As we unloaded our bags a baby Adder snake unwound itself and slunk away into the grass out of Marion’s pannier. While keeping Orrin out the way I flicked it as far as I could from the tent. I’d never seen a baby adder before and it was kind of cute in a ‘can it still bite me?’ way as it raised its head like a tiny cobra and hissed, but still smaller than the length of a little finger.

That night an all enveloping mist decended upon us, but deep in the dank, dark night an eerie roar started up, with the earlier bear poo I concluded it was surely two bears fighting? It was pretty close, but we reflected the tent makes things sound closer. It gave flash backs to the roar of a Grizzly that gave chase to me in Canada (have I told you my bear chase story??) . It then clicked, this was rutting season and the roar was two stags fighting. We relaxed. I then had the realisation that two rutting deer are proably no less dangerous than a roaring bear.

We were cycling uphill to Strbske Pleso for lunch on what would be the dampest day of the trip. I think when we were considering touring with a baby we had dreaded wet days more than anything. However the Chariot trailer is not bad in the wet and Orrin was sleeping snugly as we battled the elements heading one direction – up.

This was also when we started swerving inbetween more hikers on the cycle path, it was a bit bizaare that a tarmac path next to the road was such a popular hike in the mountains, it was all the gear but clearly no intention of getting muddy.

Strbske Pleso was as we had remembered it; the small scenic train line curving up to this premier Slovakian ski resort. The glacially formed lake that gives it is name (pleso) was still surrounded by the oddest selection of hotel architcture, so bad and bizarre that I thought it maybe added to the charm, Marion disagreed, either way the mountain view was missing today. We stopped at a minature wooden chalet for kids and then reflected on the atmospheric mist from a cafe seat.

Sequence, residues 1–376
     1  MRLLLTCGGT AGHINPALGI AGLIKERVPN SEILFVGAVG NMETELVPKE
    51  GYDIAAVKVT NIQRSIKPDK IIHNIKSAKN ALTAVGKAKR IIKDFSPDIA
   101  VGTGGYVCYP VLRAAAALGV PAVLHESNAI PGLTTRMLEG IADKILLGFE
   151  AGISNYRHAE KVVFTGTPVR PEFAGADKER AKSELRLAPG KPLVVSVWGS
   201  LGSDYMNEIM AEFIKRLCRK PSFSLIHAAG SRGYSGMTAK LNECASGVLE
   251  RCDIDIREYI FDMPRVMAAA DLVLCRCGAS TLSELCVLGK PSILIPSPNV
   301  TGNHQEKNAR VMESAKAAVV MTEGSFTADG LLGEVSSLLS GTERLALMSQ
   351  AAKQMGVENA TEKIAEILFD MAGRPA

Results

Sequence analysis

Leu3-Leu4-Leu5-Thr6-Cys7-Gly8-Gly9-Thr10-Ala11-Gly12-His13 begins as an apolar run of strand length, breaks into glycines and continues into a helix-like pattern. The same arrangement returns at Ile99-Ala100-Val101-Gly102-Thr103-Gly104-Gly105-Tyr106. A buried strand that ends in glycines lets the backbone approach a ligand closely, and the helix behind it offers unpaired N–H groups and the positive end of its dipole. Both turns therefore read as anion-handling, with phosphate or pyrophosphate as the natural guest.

The next section was going to be a huge downhill into the drizzle and cold, so we booked a last minute chalet on our phone for about £38 it was called; Penzion Sileo and looked like a nice place to warm up!

We rode past a spot in the woods we recognised where we had wild camped back in 2014, before arriving at a nice little town called Pribylina. Just up the road was a small folk museum with an old preserved wooden village, there is also now a forest logging steam train which runs some of the time, but we couldn’t work out in September if it was open. Pribylina has a small Roma settlement by the river, which like much of Eastern Slovakia offers a pretty stark contrast with the pristine large houses in the main villages. We stocked up in the local coop for dinner, (most bigger villages had a coop but with varyingly limited choice and a stern glare).

As we left the road a sign about the Pribylina Rackova Dolina area showcased the chalet B&Bs and hiking routes with two wooden sculptures. We rode up for a couple of kilometres before a giant wooden sculpture of an angel lady welcomed us.

The chalet – Penzion Sileo was deep into the forest and a rather amazing find! The host poured a strong welcome with two rather large shots of a local spirit, at 60% it left us struggling a little but trying to be polite. A tropical fish tank was keeping Orrin amused. A large bedroom let us dry camping gear and generally reset. We headed out again and cooked dinner in the forest sitting by the river and wathcing the stars break out, we reflected that Orrin had never really seen stars this bright and clear before which was cool. The grounds of the chalet had a wood fired hot tub, outdoor cinema screen, kids slide and sand pit, volley ball, and I’m sure some more things we missed! The breakfast was good and we ate while surrrounded by mushrooms of all kinds picked from the surrounding forest and now dehydrating for winter.

From here we were going back uphill and well and truly off the beaten track, following a path network that skirted the lower slopes of the High Tatras. You’ll have to click on part two as this is getting a bit too long!